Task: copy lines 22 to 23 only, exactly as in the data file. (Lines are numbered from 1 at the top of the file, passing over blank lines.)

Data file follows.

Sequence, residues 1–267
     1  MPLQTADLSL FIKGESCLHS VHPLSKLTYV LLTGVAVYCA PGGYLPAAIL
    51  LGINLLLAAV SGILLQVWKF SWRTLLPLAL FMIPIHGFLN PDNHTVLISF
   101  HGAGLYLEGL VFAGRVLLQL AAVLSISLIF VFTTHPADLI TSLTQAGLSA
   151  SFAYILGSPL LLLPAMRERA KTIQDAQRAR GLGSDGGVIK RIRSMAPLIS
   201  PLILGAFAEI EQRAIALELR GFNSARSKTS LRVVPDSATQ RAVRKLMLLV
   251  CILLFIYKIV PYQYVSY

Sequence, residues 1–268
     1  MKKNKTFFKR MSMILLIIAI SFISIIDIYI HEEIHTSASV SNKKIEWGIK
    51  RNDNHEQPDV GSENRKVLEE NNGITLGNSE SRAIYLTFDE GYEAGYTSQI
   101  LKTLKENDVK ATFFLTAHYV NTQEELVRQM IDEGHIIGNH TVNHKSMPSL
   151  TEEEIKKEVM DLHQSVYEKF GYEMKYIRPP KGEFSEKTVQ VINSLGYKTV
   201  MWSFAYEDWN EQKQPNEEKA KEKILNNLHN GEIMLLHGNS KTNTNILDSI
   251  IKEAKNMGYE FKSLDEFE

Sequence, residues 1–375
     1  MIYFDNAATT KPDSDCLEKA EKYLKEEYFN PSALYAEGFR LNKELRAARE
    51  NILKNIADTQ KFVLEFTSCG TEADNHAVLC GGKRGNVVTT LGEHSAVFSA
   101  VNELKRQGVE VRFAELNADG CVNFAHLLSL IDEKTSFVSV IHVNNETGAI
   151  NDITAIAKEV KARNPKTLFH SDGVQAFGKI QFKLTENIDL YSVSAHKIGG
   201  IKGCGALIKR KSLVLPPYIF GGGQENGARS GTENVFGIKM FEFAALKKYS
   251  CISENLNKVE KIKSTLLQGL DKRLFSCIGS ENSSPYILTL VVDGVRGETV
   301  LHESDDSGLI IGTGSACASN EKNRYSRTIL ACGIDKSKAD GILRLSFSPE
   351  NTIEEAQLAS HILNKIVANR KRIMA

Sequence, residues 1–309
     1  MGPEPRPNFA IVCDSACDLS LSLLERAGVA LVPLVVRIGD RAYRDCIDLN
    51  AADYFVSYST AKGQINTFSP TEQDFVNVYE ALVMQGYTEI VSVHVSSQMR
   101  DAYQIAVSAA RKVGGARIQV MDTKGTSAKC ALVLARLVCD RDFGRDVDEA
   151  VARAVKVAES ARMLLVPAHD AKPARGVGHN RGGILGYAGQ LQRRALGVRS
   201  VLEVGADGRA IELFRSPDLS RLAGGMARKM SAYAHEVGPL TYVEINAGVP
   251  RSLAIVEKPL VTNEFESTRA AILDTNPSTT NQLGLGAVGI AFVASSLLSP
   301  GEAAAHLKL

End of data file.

   301  LHESDDSGLI IGTGSACASN EKNRYSRTIL ACGIDKSKAD GILRLSFSPE
   351  NTIEEAQLAS HILNKIVANR KRIMA